Uncertainty in Science -Stuart Firestein
The most interesting thing I took away was thinking about our human perception of time and how it varies from person to person. It's crazy to think of all the factors that impact our perception of time by either slowing or speeding it up like for example pain certainly seems to slow it down. It was also very interesting thinking about life before clocks and how people coordinated on a large scale. There's no wonder that Stuart claims clockwork helped enabled the scientific revolution because it allowed for the mass coordination of people. Thinking about a typical modern-day, without a clock almost everything would be messed up. No alarm clock, no sense of meeting times, no idea when lunch or dinner occurs.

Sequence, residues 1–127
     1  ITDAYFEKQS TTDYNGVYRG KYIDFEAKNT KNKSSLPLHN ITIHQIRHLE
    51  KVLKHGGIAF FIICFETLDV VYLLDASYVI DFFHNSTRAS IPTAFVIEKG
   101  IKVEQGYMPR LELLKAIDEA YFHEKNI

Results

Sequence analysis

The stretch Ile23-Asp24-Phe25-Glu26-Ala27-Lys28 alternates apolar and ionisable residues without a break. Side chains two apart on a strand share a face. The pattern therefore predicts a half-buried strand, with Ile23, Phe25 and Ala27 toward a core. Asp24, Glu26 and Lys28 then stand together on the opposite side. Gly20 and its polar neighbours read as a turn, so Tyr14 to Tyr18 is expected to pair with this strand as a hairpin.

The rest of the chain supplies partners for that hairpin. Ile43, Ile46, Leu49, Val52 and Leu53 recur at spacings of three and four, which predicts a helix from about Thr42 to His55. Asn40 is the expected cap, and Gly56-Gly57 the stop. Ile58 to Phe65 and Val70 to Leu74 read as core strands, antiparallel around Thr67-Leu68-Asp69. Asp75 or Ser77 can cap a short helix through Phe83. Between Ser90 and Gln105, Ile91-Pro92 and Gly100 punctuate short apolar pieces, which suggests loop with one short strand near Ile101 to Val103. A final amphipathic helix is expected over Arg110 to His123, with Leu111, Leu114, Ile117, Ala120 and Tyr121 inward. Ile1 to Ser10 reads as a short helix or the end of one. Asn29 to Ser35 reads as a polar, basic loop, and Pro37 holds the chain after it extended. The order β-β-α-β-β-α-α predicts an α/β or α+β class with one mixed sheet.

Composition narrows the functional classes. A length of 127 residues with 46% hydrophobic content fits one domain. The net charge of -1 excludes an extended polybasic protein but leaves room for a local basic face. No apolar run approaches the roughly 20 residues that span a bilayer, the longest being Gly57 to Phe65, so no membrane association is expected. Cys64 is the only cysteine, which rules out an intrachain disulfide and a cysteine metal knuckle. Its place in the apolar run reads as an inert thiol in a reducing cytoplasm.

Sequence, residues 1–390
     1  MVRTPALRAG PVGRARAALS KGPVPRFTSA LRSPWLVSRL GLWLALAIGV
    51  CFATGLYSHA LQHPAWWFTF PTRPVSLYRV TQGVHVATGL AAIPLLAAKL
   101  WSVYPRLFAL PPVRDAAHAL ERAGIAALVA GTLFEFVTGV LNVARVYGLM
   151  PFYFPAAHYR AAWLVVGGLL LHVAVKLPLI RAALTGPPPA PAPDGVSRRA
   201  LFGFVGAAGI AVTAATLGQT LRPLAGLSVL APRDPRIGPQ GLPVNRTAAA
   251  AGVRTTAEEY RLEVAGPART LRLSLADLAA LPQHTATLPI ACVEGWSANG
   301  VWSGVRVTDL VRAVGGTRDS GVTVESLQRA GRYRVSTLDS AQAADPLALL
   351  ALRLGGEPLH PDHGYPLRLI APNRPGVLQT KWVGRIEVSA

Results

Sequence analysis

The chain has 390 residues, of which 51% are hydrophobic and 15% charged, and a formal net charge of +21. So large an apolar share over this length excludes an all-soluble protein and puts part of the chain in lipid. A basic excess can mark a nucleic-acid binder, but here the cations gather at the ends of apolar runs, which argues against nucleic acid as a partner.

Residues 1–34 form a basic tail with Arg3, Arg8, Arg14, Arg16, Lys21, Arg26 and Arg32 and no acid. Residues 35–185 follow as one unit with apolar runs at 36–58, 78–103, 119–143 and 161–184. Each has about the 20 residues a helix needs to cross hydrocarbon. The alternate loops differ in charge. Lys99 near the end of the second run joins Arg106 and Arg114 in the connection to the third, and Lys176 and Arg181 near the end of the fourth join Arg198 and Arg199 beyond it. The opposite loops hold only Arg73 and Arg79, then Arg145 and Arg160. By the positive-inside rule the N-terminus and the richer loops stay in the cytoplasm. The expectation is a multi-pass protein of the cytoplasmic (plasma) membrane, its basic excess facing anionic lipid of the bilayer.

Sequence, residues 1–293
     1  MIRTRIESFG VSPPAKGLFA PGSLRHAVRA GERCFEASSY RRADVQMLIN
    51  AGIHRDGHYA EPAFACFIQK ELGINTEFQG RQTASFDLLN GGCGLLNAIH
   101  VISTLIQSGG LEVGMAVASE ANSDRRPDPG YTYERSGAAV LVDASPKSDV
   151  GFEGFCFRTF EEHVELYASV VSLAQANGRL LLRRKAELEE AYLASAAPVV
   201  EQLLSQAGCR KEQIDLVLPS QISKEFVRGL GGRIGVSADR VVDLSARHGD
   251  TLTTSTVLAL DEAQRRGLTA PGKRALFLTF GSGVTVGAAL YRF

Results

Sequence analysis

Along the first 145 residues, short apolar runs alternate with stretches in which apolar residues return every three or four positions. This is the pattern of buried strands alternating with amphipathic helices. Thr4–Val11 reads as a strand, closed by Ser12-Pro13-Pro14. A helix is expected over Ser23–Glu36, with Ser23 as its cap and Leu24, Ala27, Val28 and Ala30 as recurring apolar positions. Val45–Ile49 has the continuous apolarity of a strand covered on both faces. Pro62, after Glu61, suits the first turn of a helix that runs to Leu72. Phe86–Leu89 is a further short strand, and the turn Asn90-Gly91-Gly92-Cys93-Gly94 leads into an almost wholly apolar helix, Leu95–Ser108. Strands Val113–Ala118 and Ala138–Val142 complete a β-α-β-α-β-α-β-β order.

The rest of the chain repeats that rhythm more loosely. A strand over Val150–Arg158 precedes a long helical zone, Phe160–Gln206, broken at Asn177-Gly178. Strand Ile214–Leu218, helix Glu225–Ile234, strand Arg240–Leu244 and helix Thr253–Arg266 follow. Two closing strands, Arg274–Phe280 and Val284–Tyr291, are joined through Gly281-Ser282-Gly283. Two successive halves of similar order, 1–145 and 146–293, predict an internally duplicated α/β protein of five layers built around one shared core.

A question I would've asked is how important is it for us to understand the mechanisms behind artificial intelligence?? Professor Goodman explains that a lot of AI we use gives us good recommendations without us really understanding the mechanisms behind the AI that made it generate these results. I think this is very powerful in helping us create new leads and breakthroughs but I think it can also get us in trouble. If we continue down this path enough without understanding specific AI results, it could create a future where we don't know exactly what we're building. This is specifically dangerous with AI because we need to constantly monitor its progress and make sure it goes down a path that we can control or a path that will in some way help humans.